Mark J. Sarnak, MD, MS; Ronit Katz, PhD; Catherine O. Stehman-Breen, MD, MS; Linda F. Fried, MD, MPH; Nancy Swords Jenny, PhD; Bruce M. Psaty, MD, PhD; Anne B. Newman, MD, MPH; David Siscovick, MD, MPH; Michael G. Shlipak, MD, MPH; and the Cardiovascular Health Study*
Grant Support: Drs. Shlipak, Fried, and Katz are funded by grant R01 HL073208-01 (to Dr. Shlipak) from the National Heart, Lung, and Blood Institute. Dr. Shlipak is also supported by the American Federation for Aging Research and National Institute on Aging (Paul Beeson Scholars Program) and the Robert Wood Johnson Foundation (Generalist Faculty Scholars Program). Dr. Sarnak is supported by grant K23 DK67303 from the National Institute of Diabetes and Digestive and Kidney Diseases. Dr. Fried is funded by an Advanced Research Career Development award from the Office of Research and Development, Medical Service, of the Department of Veterans Affairs. The Cardiovascular Health Study is supported by contracts N01-HC-85079 through N01-HC-85086, N01-HC-35129, and N01 HC-15103 from the National Heart, Lung, and Blood Institute.
Potential Financial Conflicts of Interest: None disclosed.
Requests for Single Reprints: Michael G. Shlipak, MD, MPH, Veterans Affairs Medical Center (111A1), 4150 Clement Street, San Francisco, CA 94121; e-mail, email@example.com.
Current Author Addresses: Dr. Sarnak: Division of Nephrology, Tufts-New England Medical Center, 750 Washington Street, NEMC 391, Boston, MA 02111.
Dr. Katz: Collaborative Health Studies Coordinating Center, University of Washington, Box 354922, Building 29, Suite 310, 6200 NE 74th Street, Seattle, WA 98115.
Dr. Stehman-Breen: Amgen, Inc., 1 Amgen Center Drive, Mailstop 38-3-C, Thousand Oaks, CA 91320.
Dr. Fried: Veterans Affairs Pittsburgh Healthcare System, University Drive, 111F-U, Pittsburgh, PA 15240.
Dr. Swords Jenny: Department of Pathology, College of Medicine, University of Vermont, Colchester Research Facility, 208 South Park Drive, Suite 2, Colchester, VT 05446.
Drs. Psaty and Siscovick: Medicine and Epidemiology, University of Washington, Cardiovascular Health Research Unit, 1730 Minor Avenue, Suite 1360, Seattle, WA 98101-1448.
Dr. Newman: Healthy Aging Research Program, Bellefield Professional Building, 130 North Bellefield Avenue, Room 532, Pittsburgh, PA 15213.
Dr. Shlipak: Veterans Affairs Medical Center (111A1), 4150 Clement Street, San Francisco, CA 94121.
Author Contributions: Conception and design: M.J. Sarnak, R. Katz, C.O. Stehman-Breen, L.F. Fried, B.M. Psaty, D. Siscovick, M.G. Shlipak.
Analysis and interpretation of the data: M.J. Sarnak, R. Katz, C.O. Stehman-Breen, D. Siscovick, M.G. Shlipak.
Drafting of the article: M.J. Sarnak, R. Katz, C.O. Stehman-Breen, D. Siscovick, M.G. Shlipak.
Critical revision of the article for important intellectual content: M.J. Sarnak, R. Katz, C.O. Stehman-Breen, L.F. Fried, N.S. Jenny, B.M. Psaty, A.B. Newman, D. Siscovick, M.G. Shlipak.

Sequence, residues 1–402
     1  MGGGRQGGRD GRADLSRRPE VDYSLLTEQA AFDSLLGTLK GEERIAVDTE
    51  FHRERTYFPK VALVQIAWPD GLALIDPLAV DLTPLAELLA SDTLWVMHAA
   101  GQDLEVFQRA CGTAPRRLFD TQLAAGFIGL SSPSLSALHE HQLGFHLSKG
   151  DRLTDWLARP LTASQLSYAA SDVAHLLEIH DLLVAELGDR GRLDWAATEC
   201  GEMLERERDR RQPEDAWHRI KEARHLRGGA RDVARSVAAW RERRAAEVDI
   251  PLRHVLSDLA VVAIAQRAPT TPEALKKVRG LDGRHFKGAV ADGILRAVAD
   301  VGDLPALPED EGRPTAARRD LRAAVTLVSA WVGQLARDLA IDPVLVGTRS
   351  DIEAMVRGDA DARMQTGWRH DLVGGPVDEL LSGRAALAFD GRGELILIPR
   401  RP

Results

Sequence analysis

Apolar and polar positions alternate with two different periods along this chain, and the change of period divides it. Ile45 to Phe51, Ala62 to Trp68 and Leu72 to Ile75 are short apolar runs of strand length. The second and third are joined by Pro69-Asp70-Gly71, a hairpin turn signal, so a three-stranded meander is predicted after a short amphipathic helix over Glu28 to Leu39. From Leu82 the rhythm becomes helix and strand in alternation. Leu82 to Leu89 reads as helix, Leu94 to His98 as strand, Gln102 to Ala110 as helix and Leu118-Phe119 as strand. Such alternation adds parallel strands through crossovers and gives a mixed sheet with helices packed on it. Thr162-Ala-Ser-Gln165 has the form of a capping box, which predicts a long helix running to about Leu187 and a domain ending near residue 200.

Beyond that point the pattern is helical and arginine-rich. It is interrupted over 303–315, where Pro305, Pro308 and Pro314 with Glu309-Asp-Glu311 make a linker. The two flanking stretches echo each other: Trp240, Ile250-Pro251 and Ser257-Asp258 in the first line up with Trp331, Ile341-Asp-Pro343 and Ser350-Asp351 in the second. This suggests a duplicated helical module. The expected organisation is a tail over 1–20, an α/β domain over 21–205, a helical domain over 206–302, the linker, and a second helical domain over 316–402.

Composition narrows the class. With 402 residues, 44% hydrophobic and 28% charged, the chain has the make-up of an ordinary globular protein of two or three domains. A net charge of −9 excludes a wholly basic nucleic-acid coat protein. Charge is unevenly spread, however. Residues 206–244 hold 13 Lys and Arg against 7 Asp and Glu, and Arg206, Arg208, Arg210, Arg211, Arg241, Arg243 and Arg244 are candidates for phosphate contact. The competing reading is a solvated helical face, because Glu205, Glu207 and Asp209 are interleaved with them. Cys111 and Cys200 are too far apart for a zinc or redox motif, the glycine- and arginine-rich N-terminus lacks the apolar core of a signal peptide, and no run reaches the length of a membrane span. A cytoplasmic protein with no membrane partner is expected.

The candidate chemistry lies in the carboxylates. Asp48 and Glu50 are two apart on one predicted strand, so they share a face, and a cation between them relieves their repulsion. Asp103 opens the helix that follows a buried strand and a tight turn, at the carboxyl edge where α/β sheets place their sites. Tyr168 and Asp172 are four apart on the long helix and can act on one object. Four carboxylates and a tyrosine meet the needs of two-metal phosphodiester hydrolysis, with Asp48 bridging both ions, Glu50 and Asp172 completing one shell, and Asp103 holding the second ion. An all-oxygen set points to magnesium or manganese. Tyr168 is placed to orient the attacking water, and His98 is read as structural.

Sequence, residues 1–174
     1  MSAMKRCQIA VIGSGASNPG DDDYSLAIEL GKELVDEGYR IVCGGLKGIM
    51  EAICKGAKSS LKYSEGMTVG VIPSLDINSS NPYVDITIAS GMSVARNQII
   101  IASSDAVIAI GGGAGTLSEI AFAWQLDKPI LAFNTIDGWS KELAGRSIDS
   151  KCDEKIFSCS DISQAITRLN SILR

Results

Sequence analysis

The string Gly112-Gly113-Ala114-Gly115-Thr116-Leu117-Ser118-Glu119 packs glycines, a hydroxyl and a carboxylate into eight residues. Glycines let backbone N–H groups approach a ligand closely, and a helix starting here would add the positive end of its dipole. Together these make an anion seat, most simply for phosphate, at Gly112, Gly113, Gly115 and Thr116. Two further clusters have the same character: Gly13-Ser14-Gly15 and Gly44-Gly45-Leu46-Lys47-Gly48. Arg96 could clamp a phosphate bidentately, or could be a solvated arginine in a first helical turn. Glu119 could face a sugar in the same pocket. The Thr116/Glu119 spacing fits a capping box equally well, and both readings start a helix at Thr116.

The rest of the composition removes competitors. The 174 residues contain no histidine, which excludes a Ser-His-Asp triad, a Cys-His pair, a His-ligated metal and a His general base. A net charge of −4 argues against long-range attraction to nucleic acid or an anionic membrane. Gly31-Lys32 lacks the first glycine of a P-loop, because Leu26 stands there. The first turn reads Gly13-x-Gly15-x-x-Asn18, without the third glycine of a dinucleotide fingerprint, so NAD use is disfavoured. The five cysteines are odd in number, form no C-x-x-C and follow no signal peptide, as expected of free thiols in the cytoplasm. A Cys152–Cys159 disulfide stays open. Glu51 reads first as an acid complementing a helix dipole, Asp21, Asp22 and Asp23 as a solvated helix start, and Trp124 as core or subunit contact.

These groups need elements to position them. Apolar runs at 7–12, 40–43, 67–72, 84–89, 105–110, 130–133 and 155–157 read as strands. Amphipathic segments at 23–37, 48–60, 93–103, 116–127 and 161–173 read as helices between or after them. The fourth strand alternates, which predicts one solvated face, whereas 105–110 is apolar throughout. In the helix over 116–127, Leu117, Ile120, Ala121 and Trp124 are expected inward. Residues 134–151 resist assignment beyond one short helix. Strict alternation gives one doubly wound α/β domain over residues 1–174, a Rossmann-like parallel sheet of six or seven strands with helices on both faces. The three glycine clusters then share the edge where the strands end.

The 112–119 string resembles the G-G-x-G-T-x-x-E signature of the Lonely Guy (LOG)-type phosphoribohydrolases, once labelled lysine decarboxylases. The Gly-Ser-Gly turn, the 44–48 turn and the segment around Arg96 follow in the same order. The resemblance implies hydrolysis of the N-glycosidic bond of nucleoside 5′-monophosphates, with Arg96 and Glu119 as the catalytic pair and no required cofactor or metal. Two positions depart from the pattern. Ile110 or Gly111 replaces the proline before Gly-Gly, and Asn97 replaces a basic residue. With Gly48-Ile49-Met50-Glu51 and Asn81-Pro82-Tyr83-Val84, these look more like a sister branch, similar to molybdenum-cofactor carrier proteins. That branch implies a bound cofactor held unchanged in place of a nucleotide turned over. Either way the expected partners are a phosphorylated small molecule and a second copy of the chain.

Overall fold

Final approval of the article: M.J. Sarnak, R. Katz, C.O. Stehman-Breen, L.F. Fried, B.M. Psaty, A.B. Newman, D. Siscovick, M.G. Shlipak.
Provision of study materials or patients: B.M. Patsy, A.B. Newman, D. Siscovick.
Statistical expertise: R. Katz, B.M. Psaty.
Obtaining of funding: M.G. Shlipak, B.M. Psaty.
Administrative, technical, or logistic support: C.O. Stehman-Breen, N.S. Jenny, A.B. Newman.
Collection and assembly of data: R. Katz, B.M. Psaty, A.B. Newman.
Previous studies that evaluated the association of kidney function with incident heart failure may be limited by the insensitivity of serum creatinine concentration for detecting abnormal kidney function.
To compare serum concentrations of cystatin C (a novel marker of kidney function) and creatinine as predictors of incident heart failure.
Observational study based on measurement of serum cystatin C from frozen sera obtained at the 1992–1993 visit of the Cardiovascular Health Study. Follow-up occurred every 6 months.
Adults 65 years of age or older from 4 communities in the United States.
4384 persons without previous heart failure who had measurements of serum cystatin C and serum creatinine.
Incident heart failure.
The mean (±SD) serum concentrations of cystatin C and creatinine were 82 ± 25 nmol/L (1.10 ± 0.33 mg/L) and 89 ± 34 µmol/L (1.01 ± 0.39 mg/dL), respectively. During a median follow-up of 8.3 years (maximum, 9.1 years), 763 (17%) participants developed heart failure. After adjustment for demographic factors, traditional and novel cardiovascular risk factors, cardiovascular disease status, and medication use, sequential quintiles of cystatin C concentration were associated with a stepwise increased risk for heart failure in Cox proportional hazards models (hazard ratios, 1.0 [reference], 1.30 [95% CI, 0.96 to 1.75], 1.44 [CI, 1.07 to 1.94], 1.58 [CI, 1.18 to 2.12], and 2.16 [CI, 1.61 to 2.91]). In contrast, quintiles of serum creatinine concentration were not associated with risk for heart failure in adjusted analysis (hazard ratios, 1.0 [reference], 0.77 [CI, 0.59 to 1.01], 0.85 [CI, 0.64 to 1.13], 0.97 [CI, 0.72 to 1.29], and 1.14 [CI, 0.87 to 1.49]).
The mechanism by which cystatin C concentration predicts risk for heart failure remains unclear.
The cystatin C concentration is an independent risk factor for heart failure in older adults and appears to provide a better measure of risk assessment than the serum creatinine concentration.
*For a full list of participating Cardiovascular Health Study investigators and institutions, see www.chs-nhlbi.org.
Sarnak MJ, Katz R, Stehman-Breen CO, et al, and the Cardiovascular Health Study*. Cystatin C Concentration as a Risk Factor for Heart Failure in Older Adults. Ann Intern Med. 2005;142:497–505. doi: https://doi.org/10.7326/0003-4819-142-7-200504050-00008
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Published: Ann Intern Med. 2005;142(7):497-505.
Cardiology, Heart Failure.
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